Whether you think the UK is reopening too fast or too slowly, almost everyone agrees that antibody testing is critical to the next phase of our coronavirus existence. Serology tests could provide epidemiologists with vital data on how COVID-19 is spreading through a community, and also lead to the issuing of “immunity passports” for individuals who have beaten back the infection. “I think we’re going to see [antibody testing] explode,” commented Mitchell Grayson, chief of allergy and immunology at Nationwide Children’s Hospital and Ohio State University in Columbus. Although immunological assays appear to offer a promising path forward, does a positive test mean you should feel confident to work, shop, and socialise without getting sick or infecting others?
overlooking this fact is one of the most common decision-making errors, so much so that it has its own name – the base rate fallacy.
The confidence that we should have in an antibody test depends on the base rate of the coronavirus, a key factor which is often ignored. The base rate (or disease prevalence) is the actual amount of COVID-19 infection in a known population. In the U.S., for example, this appears to be between five and 15%. This simple fact is essential to understanding the accuracy of serology-based testing. Even so, overlooking this fact is one of the most common decision-making errors, so much so that it has its own name – the base rate fallacy.
In a classic and widely-referenced study, the following question was put to 60 students and staff at Harvard Medical School. “One in a thousand people have a prevalence for a particular heart disease. There is a test to detect this disease. The test is 100% accurate for people who have the disease and is 95% accurate for those who don’t (this means that 5% of people who do not have the disease will be wrongly diagnosed as having it). If a randomly selected person tests positive what is the probability that the person actually has the disease?”
The lower prevalence there is of a trait in a studied population, the greater the chance that a test will return a false positive.
Almost half said 95%, with the average answer being 56%. On the surface, this makes sense – after all, a test accuracy above 90% is fairly high. In reality, however, the correct answer was just below 2%. The reason for this is a simple matter of statistics. The lower prevalence there is of a trait in a studied population, the greater the chance that a test will return a false positive. The inability of intelligent minds to apply simple mathematical reasoning and arrive at the correct value of 2% clearly demonstrates the aforementioned base rate fallacy.
In the context of coronavirus infection, the predictive value of a test with 90% accuracy could be as low as 32% if the true population prevalence is 5%. Put another way, there is an almost 70% probability in that instance that the immunological assay will falsely indicate a person has antibodies. Even deploying more accurate tests cannot change the statistical reality when the base rate of infection is very low.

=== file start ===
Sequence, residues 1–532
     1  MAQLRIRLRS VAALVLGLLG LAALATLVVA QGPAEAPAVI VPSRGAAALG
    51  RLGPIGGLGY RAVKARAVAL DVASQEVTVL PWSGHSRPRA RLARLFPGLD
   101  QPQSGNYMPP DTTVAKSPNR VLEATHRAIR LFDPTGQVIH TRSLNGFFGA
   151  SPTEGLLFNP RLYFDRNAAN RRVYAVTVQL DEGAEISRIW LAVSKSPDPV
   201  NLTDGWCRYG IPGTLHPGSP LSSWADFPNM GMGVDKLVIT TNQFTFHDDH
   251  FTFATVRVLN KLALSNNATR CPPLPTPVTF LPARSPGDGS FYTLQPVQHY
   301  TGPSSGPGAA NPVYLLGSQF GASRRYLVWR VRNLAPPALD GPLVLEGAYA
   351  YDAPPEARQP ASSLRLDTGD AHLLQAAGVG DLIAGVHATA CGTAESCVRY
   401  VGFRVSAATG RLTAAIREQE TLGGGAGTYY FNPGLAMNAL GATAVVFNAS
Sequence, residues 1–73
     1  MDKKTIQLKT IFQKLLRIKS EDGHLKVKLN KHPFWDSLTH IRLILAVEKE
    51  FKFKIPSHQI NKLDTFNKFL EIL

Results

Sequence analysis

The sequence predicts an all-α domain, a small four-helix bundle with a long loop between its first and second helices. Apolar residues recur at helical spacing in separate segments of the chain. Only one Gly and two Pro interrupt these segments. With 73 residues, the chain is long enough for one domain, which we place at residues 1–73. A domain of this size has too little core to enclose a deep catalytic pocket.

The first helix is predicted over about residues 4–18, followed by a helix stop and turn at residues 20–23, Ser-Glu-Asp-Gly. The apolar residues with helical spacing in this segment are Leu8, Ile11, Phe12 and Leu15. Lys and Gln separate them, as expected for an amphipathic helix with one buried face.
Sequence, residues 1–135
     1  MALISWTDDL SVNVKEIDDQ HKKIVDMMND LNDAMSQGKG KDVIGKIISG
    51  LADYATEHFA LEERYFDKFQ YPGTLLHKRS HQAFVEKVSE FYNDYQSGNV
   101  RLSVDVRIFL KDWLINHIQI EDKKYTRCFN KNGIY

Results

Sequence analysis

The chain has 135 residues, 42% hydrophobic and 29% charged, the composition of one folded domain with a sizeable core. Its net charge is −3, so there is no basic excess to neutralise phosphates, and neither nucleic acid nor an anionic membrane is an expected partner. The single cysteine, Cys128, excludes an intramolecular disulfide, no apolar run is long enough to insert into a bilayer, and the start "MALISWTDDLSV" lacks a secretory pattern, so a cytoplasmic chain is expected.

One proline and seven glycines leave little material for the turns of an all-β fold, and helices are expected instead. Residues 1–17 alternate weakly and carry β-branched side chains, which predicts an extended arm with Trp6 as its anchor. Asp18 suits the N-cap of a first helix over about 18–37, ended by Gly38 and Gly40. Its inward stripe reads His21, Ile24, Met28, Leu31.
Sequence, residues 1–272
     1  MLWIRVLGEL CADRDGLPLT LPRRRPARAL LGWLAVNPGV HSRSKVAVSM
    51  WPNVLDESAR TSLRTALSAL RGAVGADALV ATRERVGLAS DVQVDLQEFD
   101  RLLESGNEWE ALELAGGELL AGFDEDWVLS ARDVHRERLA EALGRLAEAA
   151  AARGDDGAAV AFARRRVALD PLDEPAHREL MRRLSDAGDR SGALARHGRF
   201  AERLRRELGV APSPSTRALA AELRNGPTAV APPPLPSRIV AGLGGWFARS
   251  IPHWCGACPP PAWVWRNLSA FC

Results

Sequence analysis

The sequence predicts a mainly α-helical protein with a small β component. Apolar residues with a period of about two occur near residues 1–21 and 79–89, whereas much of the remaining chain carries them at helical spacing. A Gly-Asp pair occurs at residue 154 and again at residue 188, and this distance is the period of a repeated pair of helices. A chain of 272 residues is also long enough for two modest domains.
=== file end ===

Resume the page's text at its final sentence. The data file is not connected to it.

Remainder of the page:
At this same disease prevalence, the CDC found that a test with 90% sensitivity and 95% specificity would yield a positive predictive value (PPV) of 49%. “In other words, less than half of those testing positive will truly have antibodies,” according to the agency. Additionally, a recent study published in the journal Public Health revealed that 16% of positive results would be false even when using a test with 99% sensitivity and specificity. In a notional population of 100,000 individuals, 950 people will therefore be incorrectly informed they have had the infection.
these findings mean that we are all at risk of getting infected and spreading the virus, even if we’ve had a positive antibody test
Commenting on these results, the Infectious Disease Society of America stated that: “A positive test result is more likely a false-positive result than a true positive result.” This is particularly dangerous since it could lead to potentially susceptible hosts believing they have been infected with coronavirus, and acting as if they have immunity, when this is not the case. Put simply, these findings mean that we are all at risk of getting infected and spreading the virus, even if we’ve had a positive antibody test.
Despite this, antibody tests remain an important tool in the fight against coronavirus and we should therefore encourage greater access to them; healthy people who have antibodies in their blood and have tested positive for the virus in the past (but are now symptom-free) can donate blood plasma, which may be used as a possible treatment for COVID-19. However, it is important to remember that a highly accurate test may not be as comforting as it first appears, and therefore the results of such assays should always be viewed with thoughtful reflection.